City school district considers changes to its school resource officer program

School Resource Officer Ronnie Bowers’ shift starts before students arrive and doesn’t always end when they leave the classroom as SROs are also present during sporting events held at the schools. SROs are mobile and spend the day patroling the school hallways and lunch periods getting to know students and faculty at the school they are assigned. (File photo)

By Haley Thomas, contributor

Harrisonburg City Public Schools will consider ways to improve school resource officer (SRO) relationships in schools, including introducing annual “check-ins” with facilitated dialogue, adding language to a policy that aims to protect students and expanding the group tasked with providing oversight of the program. 

That group, known as the biennial review team, suggested these recommendations. Virginia law requires that school boards conduct a biennial review of the district’s relationship with law enforcement. 

Shawn Printz, the school district’s chief operating officer, presented to the school board at its Tuesday business meeting on behalf of the biennial review team. Other team members include Michael Galgano, a member of the NAACP; Shoda Green, a parent of an HCPS student; Melissa Hensley, principal of Harrisonburg High School; Capt. Jason Kidd of the Harrisonburg Police Department; and Ellie Tjaden, a student. 

Printz said this review process requires considering the school resource officer program’s memorandum of understanding, which establishes rules and outlines expectations for the officers’ engagement in schools. It also allows for reviewing data from every reportable offense that a student commits, discussing recommended changes and publicizing the program’s measures of success. 

During the 2022-23 school year, the district, which has 6,379 total students, had 16 reportable interactions with school resource officers.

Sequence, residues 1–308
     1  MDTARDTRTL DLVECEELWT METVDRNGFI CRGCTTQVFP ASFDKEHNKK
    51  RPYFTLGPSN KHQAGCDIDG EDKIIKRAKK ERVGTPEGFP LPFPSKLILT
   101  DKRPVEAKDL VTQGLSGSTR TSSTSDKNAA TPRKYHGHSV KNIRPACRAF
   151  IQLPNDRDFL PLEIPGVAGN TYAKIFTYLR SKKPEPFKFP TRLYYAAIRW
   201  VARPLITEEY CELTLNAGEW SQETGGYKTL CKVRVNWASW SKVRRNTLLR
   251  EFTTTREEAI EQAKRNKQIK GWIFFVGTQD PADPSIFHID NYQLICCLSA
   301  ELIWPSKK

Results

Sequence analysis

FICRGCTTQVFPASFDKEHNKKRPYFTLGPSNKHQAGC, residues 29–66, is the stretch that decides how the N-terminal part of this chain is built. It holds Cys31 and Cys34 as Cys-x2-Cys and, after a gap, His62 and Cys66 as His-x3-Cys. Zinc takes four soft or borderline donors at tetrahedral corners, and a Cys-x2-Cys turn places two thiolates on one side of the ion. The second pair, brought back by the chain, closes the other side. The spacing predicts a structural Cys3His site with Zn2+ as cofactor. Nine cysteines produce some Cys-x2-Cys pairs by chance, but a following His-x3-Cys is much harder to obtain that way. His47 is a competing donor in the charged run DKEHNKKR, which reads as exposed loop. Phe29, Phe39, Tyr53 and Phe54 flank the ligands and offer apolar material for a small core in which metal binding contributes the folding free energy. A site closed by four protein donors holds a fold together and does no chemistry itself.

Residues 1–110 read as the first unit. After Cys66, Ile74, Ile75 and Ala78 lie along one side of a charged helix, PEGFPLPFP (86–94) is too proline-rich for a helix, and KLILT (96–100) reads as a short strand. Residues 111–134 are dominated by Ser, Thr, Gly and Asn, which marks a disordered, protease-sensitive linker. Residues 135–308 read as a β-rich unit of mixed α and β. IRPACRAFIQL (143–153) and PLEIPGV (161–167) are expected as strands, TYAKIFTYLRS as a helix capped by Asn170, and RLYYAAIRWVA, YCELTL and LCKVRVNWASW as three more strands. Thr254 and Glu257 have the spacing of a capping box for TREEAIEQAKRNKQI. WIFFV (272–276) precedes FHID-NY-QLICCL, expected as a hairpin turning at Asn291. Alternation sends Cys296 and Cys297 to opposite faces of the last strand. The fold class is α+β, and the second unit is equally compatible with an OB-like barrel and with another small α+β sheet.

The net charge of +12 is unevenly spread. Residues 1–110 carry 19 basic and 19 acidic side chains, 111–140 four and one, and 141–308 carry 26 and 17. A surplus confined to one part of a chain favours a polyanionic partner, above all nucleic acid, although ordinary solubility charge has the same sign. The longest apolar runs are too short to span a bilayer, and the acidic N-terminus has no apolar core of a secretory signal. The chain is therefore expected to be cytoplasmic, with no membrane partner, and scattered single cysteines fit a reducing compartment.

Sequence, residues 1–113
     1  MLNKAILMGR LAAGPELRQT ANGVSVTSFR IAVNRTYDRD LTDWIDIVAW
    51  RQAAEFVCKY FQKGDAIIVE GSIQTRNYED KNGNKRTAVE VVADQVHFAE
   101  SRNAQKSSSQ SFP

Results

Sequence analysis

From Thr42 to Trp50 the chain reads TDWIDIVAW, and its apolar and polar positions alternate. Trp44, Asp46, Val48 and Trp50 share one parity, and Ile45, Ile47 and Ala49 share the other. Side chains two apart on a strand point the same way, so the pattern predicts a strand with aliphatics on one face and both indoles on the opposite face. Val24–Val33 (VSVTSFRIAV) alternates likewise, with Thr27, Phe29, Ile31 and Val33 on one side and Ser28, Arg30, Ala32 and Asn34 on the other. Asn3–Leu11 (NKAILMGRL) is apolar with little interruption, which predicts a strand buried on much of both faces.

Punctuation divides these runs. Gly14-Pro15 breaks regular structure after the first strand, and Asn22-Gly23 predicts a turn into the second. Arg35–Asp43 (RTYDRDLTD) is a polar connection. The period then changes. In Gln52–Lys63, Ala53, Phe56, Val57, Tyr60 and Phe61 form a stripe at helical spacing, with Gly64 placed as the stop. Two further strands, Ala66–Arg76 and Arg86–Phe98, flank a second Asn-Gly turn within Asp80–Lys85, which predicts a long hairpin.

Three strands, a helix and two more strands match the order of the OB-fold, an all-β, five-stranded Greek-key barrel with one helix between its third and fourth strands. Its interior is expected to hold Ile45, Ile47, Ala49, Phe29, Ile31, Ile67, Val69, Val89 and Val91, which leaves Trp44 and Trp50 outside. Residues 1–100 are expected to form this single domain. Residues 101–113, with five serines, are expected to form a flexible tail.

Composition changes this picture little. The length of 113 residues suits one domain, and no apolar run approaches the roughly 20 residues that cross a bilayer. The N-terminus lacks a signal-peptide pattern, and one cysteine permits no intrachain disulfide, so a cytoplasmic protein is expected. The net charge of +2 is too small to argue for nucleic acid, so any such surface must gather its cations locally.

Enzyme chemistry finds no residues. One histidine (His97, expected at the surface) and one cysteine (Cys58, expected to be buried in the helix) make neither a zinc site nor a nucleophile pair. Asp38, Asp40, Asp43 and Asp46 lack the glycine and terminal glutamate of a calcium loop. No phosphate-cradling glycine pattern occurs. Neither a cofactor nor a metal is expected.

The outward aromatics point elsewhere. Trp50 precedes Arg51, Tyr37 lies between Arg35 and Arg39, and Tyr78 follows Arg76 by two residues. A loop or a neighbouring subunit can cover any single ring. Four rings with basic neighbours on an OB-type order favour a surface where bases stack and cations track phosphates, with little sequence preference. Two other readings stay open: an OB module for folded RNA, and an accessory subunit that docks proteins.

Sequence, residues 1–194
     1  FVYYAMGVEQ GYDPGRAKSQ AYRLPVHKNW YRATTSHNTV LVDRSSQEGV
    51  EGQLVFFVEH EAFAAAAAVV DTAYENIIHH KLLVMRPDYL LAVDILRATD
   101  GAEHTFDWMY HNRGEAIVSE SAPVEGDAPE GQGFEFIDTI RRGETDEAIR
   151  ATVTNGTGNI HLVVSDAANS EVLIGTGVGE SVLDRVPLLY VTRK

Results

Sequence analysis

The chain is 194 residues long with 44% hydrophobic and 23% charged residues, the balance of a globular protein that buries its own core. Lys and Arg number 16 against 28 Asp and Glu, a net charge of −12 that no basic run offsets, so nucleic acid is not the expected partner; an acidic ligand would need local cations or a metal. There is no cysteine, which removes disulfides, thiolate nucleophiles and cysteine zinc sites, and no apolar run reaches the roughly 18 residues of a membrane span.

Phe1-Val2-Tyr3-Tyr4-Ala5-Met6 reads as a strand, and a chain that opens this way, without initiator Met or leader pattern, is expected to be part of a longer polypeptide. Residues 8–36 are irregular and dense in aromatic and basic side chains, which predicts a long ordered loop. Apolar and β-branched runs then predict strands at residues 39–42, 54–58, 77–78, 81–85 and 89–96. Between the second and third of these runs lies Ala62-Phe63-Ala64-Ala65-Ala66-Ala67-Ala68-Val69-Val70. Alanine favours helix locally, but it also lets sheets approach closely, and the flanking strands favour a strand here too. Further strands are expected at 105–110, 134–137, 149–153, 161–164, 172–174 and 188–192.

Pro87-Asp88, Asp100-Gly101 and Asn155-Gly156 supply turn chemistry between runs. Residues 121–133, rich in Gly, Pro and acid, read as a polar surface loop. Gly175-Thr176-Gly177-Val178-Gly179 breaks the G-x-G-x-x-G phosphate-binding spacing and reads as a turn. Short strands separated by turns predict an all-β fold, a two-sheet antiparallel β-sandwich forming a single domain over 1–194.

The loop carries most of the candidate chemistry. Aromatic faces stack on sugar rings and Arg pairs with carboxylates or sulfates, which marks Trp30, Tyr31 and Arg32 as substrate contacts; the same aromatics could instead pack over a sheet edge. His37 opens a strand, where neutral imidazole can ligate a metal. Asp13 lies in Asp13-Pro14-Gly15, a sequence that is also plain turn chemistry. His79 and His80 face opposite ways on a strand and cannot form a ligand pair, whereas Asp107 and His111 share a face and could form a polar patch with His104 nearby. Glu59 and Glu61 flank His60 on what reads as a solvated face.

Data collected in 2022-23 shows the incidents in which student offenses led to school resource officer involvement. (Courtesy of Harrisonburg City Public Schools)

While Printz said this was a relatively small number, he said the goal is to continue building the relationship between SROs and students. 

Printz said Tjaden had the idea to expand the biennial review team by two students who differ in gender and graduation year to ensure broader student representation. He said the team also hopes to include a school counselor. 

Additionally, Printz proposed a change to the school policy’s language. The original policy reads: “HCPS and the HPD/SRO will coordinate to ensure that every reasonable effort is made to inform the parents/guardians, in a language the parents/guardians can understand.” Printz said the team suggested adding to the end of the policy: “…once the incident has been de-escalated and school safety has been restored.”

Deb Fitzgerald, the school board chair, and Andy Kohen, the vice chair, asked if this revision could potentially lengthen the amount of time between an incident and when the schools contact parents or guardians. 

Richards said securing safety comes first, but ideally, handling the situation and contacting caretakers happen simultaneously. 

Printz said the biennial review team is focusing on publicizing “our focus on education and interaction of SROs with students,” data review and annual highlights of SRO program outcomes.  

“I think it’s safe to say we have a really good relationship with HPD and our SROs,” Richards said. “We love having our SROs on campus, and they’re part of our school community.”

Printz echoed Richards, calling the relationship between SROs and HCPS “phenomenal.” 

“The connections, the information sharing,” Printz said. “I appreciate everything they do every single day.”

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